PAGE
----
Scrapie is considered a prototype of the spongiform encephalopathies. This group of diseases is characterized by a prolonged incubation period, without symptoms, followed by an insidious onset of clinical disease leading to death. Attention has mainly been focused on central nervous system pathology, and reports of pathology in the retina have been limited. In this study, hamsters were inoculated intracerebrally with the scrapie agent and serially sacrificed to determine agent titers and pathologic changes in the eyes over time. Scrapie infectively rise progressively in the eye to maximal levels between 6 and 8 weeks after inoculation, then it reaches a plateau. Ocular abnormalities are first visible 8 weeks after infection. The process begins with a gradual loss of rod outer segments, after which progressive loss of rod inner segments and photoreceptors nuclei occurs. By 10 weeks, only a vestige of the outer nuclear layer remains. Ultrastructurally, this destruction is attended by the presence of macrophages, although the importance of this finding is unknown. Later, Muller cells increase their pericellular investment of remaining photoreceptor cell nuclei. The limitation of the lesion to the outer retinal layers suggests this tissue site may be important in the investigation of basic pathogenetic mechanisms in the spongiform encephalopathies.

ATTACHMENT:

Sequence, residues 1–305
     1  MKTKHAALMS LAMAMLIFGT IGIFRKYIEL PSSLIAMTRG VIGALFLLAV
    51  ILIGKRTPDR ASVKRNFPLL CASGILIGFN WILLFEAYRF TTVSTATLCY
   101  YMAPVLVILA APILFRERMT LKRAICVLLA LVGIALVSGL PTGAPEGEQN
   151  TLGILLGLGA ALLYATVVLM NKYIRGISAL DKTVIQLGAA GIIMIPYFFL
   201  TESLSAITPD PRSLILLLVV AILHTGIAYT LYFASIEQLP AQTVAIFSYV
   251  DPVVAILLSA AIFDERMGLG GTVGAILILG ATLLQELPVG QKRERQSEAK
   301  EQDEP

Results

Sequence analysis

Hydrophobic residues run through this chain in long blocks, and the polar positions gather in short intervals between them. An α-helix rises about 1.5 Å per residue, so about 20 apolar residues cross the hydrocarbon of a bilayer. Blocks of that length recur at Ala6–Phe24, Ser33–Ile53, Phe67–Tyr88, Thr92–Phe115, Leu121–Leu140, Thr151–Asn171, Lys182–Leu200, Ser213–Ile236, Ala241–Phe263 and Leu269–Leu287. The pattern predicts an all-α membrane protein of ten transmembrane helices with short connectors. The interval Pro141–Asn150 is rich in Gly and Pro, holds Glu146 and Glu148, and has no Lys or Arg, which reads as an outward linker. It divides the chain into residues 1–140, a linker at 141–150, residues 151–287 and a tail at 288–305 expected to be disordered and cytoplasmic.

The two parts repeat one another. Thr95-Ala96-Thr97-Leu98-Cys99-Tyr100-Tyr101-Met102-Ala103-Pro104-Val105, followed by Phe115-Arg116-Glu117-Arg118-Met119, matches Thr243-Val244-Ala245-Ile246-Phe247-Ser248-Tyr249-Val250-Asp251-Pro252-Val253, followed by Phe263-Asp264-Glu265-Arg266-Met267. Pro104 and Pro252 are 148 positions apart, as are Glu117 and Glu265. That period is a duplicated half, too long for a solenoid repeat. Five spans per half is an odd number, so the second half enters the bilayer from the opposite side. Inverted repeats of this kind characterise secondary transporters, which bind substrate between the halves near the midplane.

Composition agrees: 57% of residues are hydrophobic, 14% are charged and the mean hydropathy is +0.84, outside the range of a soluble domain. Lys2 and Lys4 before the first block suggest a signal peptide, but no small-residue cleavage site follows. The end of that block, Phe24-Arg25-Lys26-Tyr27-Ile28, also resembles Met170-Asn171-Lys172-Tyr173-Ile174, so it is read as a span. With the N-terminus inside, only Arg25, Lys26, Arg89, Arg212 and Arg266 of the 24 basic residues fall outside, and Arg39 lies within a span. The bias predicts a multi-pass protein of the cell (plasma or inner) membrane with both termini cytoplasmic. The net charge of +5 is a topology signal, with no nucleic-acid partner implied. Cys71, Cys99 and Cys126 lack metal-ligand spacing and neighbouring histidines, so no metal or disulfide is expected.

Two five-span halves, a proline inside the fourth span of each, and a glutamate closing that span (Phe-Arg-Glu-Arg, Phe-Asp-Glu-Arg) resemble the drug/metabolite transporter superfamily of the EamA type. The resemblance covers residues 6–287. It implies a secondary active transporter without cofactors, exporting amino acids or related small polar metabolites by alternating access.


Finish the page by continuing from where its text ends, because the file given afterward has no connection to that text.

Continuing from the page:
|Original language||English (US)|
|Number of pages||9|
|State||Published - Jan 1 1981|
ASJC Scopus subject areas
- Pathology and Forensic Medicine
- Molecular Biology
- Cell Biology